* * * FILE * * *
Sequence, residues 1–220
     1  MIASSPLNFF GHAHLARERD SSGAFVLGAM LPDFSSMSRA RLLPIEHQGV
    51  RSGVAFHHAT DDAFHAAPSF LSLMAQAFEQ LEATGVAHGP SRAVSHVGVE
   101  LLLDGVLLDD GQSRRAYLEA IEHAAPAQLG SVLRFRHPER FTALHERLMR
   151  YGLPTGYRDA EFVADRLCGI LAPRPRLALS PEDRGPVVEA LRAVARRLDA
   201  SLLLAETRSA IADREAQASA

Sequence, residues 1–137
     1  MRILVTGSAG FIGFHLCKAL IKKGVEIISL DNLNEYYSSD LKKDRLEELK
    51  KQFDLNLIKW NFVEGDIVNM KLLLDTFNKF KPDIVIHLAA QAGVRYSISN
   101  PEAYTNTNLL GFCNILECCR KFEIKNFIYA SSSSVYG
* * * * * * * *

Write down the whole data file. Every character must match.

Sequence, residues 1–220
     1  MIASSPLNFF GHAHLARERD SSGAFVLGAM LPDFSSMSRA RLLPIEHQGV
    51  RSGVAFHHAT DDAFHAAPSF LSLMAQAFEQ LEATGVAHGP SRAVSHVGVE
   101  LLLDGVLLDD GQSRRAYLEA IEHAAPAQLG SVLRFRHPER FTALHERLMR
   151  YGLPTGYRDA EFVADRLCGI LAPRPRLALS PEDRGPVVEA LRAVARRLDA
   201  SLLLAETRSA IADREAQASA

Sequence, residues 1–137
     1  MRILVTGSAG FIGFHLCKAL IKKGVEIISL DNLNEYYSSD LKKDRLEELK
    51  KQFDLNLIKW NFVEGDIVNM KLLLDTFNKF KPDIVIHLAA QAGVRYSISN
   101  PEAYTNTNLL GFCNILECCR KFEIKNFIYA SSSSVYG